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Tax Treatment of Life Insurance in Canada

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The taxation of life insurance products in Canada is a complex and technical subject. The rules change frequently. This article will explain some of the “in’s and out’s” of the subject.

The first point to remember is that the life insurance contract creates three separate legal interests. These are:

  1. the insured – the individual whose death ultimately causes the policy to “mature” as a death claim;

  2. the owner – the individual who can exercise the policy’s five contractual rights:

    1. the right to change the beneficiary,
    2. the right to pledge the policy as collateral for a loan
    3. the right to assign the policy
    4. the right to surrender the policy for cash (except term insurance policies), and
    5. the right to borrow against the policy from the insurer; and

  3. the beneficiary – the party who will be receiving the proceeds of the death benefit upon the death of the insured.

It is possible for the same individual to be both the insured and owner of the insurance policy. This is often the case in family situations where one spouse is insured and owner, while the other spouse is the beneficiary. In other cases, the beneficiary and the owner may be the same individual. In still other cases, the three legal interest are held by three separate individuals.

Life Insurance Payments at Death

When policy proceeds are received by the beneficiary upon the death of the insured, no federal or provincial incomes taxes are payable on the amount received. This is one method of transferring assets from one generation to another, tax free. In some cases, the policy proceeds are not taken as lump sum but are left on deposit with the insurer and paid in installments. When this happens, the installment is considered to have been paid out partly in the form of the policy proceeds and partly in the form of interest. The latter portion is taxable upon receipt.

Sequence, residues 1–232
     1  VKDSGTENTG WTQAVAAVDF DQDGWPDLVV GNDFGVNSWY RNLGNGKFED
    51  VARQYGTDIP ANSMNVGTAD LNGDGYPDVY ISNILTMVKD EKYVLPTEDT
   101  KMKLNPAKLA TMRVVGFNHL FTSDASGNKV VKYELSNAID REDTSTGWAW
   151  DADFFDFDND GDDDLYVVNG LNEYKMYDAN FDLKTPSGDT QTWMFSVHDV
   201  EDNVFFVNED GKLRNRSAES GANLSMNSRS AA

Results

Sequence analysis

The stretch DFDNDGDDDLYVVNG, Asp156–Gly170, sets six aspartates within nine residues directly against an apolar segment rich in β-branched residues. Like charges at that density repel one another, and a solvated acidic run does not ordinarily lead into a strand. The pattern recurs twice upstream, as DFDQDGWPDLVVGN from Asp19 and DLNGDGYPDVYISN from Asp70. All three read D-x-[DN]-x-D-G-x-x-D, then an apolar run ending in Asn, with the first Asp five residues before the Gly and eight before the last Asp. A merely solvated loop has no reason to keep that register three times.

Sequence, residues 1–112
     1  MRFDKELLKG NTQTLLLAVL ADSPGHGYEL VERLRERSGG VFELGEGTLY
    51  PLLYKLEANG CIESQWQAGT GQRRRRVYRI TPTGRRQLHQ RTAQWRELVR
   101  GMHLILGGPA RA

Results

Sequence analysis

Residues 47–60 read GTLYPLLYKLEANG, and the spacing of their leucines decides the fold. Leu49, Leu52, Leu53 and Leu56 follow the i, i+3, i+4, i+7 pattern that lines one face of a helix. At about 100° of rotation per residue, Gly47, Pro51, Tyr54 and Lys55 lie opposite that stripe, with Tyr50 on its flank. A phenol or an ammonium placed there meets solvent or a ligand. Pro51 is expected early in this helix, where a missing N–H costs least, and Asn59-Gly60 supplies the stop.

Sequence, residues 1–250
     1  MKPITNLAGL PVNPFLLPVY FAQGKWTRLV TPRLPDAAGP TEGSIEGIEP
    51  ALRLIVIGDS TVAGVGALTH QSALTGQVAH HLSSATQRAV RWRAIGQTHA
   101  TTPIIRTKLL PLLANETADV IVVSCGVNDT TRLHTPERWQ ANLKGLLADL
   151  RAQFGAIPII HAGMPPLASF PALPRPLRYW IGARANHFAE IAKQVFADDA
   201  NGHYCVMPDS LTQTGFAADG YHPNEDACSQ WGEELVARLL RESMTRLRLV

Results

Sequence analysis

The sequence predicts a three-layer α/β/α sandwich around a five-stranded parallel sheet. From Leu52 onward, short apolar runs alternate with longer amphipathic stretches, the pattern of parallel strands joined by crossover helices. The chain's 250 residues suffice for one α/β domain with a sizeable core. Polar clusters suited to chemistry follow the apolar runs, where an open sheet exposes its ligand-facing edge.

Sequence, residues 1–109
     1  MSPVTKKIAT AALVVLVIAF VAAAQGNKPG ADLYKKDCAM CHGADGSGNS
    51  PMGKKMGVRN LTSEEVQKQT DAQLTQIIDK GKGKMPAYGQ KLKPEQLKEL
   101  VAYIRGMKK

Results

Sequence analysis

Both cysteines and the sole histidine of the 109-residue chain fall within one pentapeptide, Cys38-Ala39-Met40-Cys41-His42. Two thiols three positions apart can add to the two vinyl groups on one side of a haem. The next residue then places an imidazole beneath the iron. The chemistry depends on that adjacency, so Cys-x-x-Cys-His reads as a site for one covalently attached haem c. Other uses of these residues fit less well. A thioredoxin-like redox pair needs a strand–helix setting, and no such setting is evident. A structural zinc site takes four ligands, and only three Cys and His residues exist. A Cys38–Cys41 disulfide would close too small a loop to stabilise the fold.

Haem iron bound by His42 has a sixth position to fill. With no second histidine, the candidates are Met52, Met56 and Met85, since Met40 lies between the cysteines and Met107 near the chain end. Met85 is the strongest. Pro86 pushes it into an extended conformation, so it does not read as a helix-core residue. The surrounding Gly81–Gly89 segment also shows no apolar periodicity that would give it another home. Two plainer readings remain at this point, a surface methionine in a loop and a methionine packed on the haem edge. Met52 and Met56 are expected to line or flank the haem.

Life Insurance Payments during Life

A taxable gain will arise if the amount received from a policy in the form of dividends and cash values is greater than the amount paid in through premiums. Such income is taxable in the year it is received. Here is an illustration:

Premiums paid $ 16,700
Less: Dividends received 5,500
Cash basis of policy $ 11,200

If the owner surrenders the above policy and receives a cash payment in excess of $11,200, the difference is subject to income tax in the year that the surrender is made. However, no income tax loss arises if the policy is surrendered for less than the policy’s cash basis.

Using the policyholder loan provision should always be considered as an alternative to surrendering the policy. The amount of cash generated will be identical in both situations, but using the loan provision leaves the policy in force. The loan itself, or just the interest due upon it, can be repaid at a later date. On the other hand, if the policy is surrendered, all contractual rights end at that time.


Annuity contracts are usually purchased to provide a lifetime income to one or more beneficiaries. Similar to the treatment of policy proceeds that are not taken as one lump sum, each annuity payment is divided into portions of principal and interest with only the latter portion being subject to tax. When you decide to (or must) begin to receive a retirement income, you can convert your Registered Retirement Savings Plan to either a Registered Retirement Income Fund or an annuity.

Corporate Owned Life Insurance

Some shareholders of privately owned corporations choose to have their life insurance policies held by the company rather than in their individual names. In these cases, the death benefits less the adjusted cost base of the policy are placed in the company’s “Capital Dividend Account”. The directors of the company may then elect a tax-free capital dividend to be distributed to the shareholders, thus transferring cash from the corporation to its individual owners tax free.

Article ©1998 The Quarterly Dividend
Reprinted with permission

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